Ask a doctor

Dysport Work for a Botox-resistant Patient?

My grandmother has built up a strong resistance to Botox through years of injections for treatment of cervical dystonia. She no longer sees a response to the injections, and she has been advised to give her body two years to degrade the immunity. Is Dysport different enough that she might respond?

Doctor Answers (11)

Dysport vs Botox

+1

Dysport and Botox while both a botulinum toxin, they are different and therefore Dysport may work for your grandmother.

Manhattan Plastic Surgeon
4.5 out of 5 stars 14 reviews

Dysport and Botox Can Be Different

+1

I have seen patients who respond to Dysport but not Botox. I would also suggest looking into Xeomin which was recently approved to treat cervical dystonia in the US. It is also a botulinum toxin type A product.

Web reference: http://innovationsfps.com

Dallas Facial Plastic Surgeon
4.0 out of 5 stars 10 reviews

Dysport Work for a Botox-resistant Patient?

+1

Botox resistance is rare in my 15 year experience, and it may be worthwhile to try Dysport.  Make sure you consult with an experienced injector of Botox or Dysport.

Ramtin Kassir, MD NY/NJ facial plastic surgeon

New York Facial Plastic Surgeon
4.5 out of 5 stars 23 reviews

I have patients that respond well to Dysport that Botox did not work well

+1

I personally have had patients who responded well to an equivalent dose of dysport when botox did not work well after a while for essential blepharospasm.  The compounds are similar but not exactly the same. It is hard to determine why the dysport at the same corresponding dosage would work when botox would not but I have a multiple of patients who have had that response. 

Washington DC Oculoplastic Surgeon
5.0 out of 5 stars 6 reviews

Make sure adequate Botox or Dysport get injected for man or older woman

+1

Most of the time when a man or an older woman does not respond well to Botox, it's typically a matter of not enough Botox units got injected to the desirable areas. True resistance to Botox is exceedingly rare. I do have patients for whom Dysport may work a little better than Botox and vice versa. Myobloc may work better but not yet FDA approved for cosmetic usage.

Web reference: http://www.drwilliamting.com/Botox_Dysport.html

Bay Area Dermatologic Surgeon
5.0 out of 5 stars 7 reviews

Using Dysport in patients who have previously used Botox

+1

Dysport is a close relative of Botox that is now available in the United States through Medicis. We have seen great results in patients who have previously used Botox or have developed a resistance, or in patients new to these muscle relaxers. If you have use Botox but have not been satisfied with the results, you may consider using Dysport and you may consider a stronger concentration of Dysport as you may have stronger muscles in this area. The amount of Dysport used is slightly different than the amount of Botox per area. For great results, work with a board-certified plastic surgeon who has a great deal of experience with fillers, Botox and the new Dysport. The price of Dysport will vary by the practice. In our practice, Dysport is somewhat cheaper than Botox. Keep in mind when buying either filler to make sure that you are paying by the unit instead of by the volume (per area, per cc, per ml, etc)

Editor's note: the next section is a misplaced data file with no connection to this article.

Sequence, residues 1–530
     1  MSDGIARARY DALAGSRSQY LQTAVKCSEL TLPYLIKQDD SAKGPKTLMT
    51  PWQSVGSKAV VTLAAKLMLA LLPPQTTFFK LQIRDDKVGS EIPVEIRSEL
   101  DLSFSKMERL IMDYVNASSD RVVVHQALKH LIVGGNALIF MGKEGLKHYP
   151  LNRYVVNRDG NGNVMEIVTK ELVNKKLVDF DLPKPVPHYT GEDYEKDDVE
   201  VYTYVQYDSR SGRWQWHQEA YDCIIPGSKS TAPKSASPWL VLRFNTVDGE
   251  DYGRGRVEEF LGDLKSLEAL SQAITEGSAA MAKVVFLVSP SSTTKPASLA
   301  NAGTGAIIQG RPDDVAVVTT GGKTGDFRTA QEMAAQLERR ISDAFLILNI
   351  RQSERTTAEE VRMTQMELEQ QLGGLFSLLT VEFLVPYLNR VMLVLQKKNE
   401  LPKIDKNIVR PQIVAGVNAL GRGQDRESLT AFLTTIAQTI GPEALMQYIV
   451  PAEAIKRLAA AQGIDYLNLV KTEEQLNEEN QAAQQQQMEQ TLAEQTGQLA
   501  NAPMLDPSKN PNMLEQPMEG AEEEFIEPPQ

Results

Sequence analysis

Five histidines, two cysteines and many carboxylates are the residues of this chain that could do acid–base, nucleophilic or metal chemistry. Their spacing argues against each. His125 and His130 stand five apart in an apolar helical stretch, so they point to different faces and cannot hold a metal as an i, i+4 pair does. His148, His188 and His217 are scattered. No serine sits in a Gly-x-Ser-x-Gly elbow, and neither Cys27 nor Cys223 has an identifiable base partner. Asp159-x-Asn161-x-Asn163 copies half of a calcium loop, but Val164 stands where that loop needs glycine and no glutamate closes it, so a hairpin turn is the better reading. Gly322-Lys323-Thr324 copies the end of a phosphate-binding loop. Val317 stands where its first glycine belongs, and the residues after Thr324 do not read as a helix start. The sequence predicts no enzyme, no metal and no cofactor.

Miami Plastic Surgeon
4.5 out of 5 stars 40 reviews

Dysport may work when Botox doesn't

+1

Dysport and Botox are both Botulinum Toxin type A products. They are, however, subtly different. It is this small difference that may account for Dysport working where Botox does not. In my practice I have treated a couple of patients that don't respond to Botox injections. They seem to be doing well with Dysport so far. Traditionally we have used Myoblock for these patients, but Dysport presents another options. I would recommend trying Dysport if you find that Botox is not effective.

I hope this info helps!

Miami Plastic Surgeon
5.0 out of 5 stars 9 reviews

Resistance to Botox

+1

There are many patients who present to a plastic surgeon's office complaining that they need more and more Botox with continued use. It is completely feasible and theoretically possible that these patients should benefit from Dysport or Myobloc. 

Los Angeles Plastic Surgeon
5.0 out of 5 stars 43 reviews

Try Myobloc

+1

Hello,

Some patients who are resistant to Botox A (Botox) seem to respond to Botox B (Myobloc). Myobloc is FDA approved and I have found it safe and effective in my practice over the last three years.

Orange Plastic Surgeon
5.0 out of 5 stars 22 reviews

True Botox resistance is very uncommon

+1

It may. While there may be a number of reasons someone may have achieved an unsatisfactory response to Botox, true Botox resistance is very uncommon.

It is best to consult with a qualified physician to determine which of the botulinum toxin products would be most likely to produce optimal results.

Review of medical records that indicate the dose and placement of previous botulinum toxin injections can help determine how to achieve improvement with subsequent treatments.

Nashville Oculoplastic Surgeon
5.0 out of 5 stars 18 reviews

These answers are for educational purposes and should not be relied upon as a substitute for medical advice you may receive from your physician. If you have a medical emergency, please call 911. These answers do not constitute or initiate a patient/doctor relationship.

You might also like...